It’s Corman’s World, We Just Live In It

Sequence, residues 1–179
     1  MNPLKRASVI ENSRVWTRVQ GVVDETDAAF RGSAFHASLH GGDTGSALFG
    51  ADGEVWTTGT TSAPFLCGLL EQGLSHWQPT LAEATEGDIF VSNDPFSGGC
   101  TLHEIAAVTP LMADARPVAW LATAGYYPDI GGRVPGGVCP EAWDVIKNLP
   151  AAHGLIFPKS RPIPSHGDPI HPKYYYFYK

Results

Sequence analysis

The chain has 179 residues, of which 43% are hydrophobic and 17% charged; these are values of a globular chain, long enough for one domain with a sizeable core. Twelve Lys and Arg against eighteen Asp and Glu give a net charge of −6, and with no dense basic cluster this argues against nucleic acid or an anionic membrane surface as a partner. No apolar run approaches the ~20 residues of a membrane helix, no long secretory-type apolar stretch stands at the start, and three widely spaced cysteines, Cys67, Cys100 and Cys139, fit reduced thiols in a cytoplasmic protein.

cormanCorman’s World: Exploits of a Hollywood Rebel is an affectionate, hilarious tribute to trailblazing independent filmmaker Roger Corman. Packed with footage from dozens of Corman’s sensationalistic, low-budget films, director Alex Stapleton exuberantly traces the director’s evolution from lowly story analyst to obsessively disciplined producer and director who launched the careers of some of Hollywood’s biggest names. Despite having no formal training, Corman established himself in the ’50s with campy sci-fi and horror genre flicks that showcased his no-frills aesthetic and crafty business acumen. The film rightly points out Corman’s hugely successful series of Edgar Allen Poe adaptations, as well as a run of exploitative teen drive-in movies, as having paved the way for his later counterculture successes like Easy Riders and The Trip. Corman acknowledges his cheap-thrills cult status with an air of detached bemusement, though the failure of 1962’s The Intruder, a rare foray into social drama centered on a rabble-rousing segregationist (William Shatner), still clearly stings. Heartfelt and candid interviews with A-listers like Jack Nicholson, Martin Scorsese and Ron Howard–all of whom wholeheartedly credit their success to Corman’s early support– color a portrait of an ambitious man whose genial, softspoken demeanor masks a lifelong obsession with playing the Hollywood game by his own rules.


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